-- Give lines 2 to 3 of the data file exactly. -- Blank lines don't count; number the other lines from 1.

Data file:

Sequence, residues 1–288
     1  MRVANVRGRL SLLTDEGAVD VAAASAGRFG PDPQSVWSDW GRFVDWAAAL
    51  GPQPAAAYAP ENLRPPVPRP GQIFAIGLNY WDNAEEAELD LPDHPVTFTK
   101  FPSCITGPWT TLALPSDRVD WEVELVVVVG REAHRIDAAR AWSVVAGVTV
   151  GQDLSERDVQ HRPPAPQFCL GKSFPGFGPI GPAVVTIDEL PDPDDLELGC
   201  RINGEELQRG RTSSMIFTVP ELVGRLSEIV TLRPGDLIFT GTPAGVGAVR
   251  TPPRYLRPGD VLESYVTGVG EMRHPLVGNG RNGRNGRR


     1  MRVANVRGRL SLLTDEGAVD VAAASAGRFG PDPQSVWSDW GRFVDWAAAL
    51  GPQPAAAYAP ENLRPPVPRP GQIFAIGLNY WDNAEEAELD LPDHPVTFTK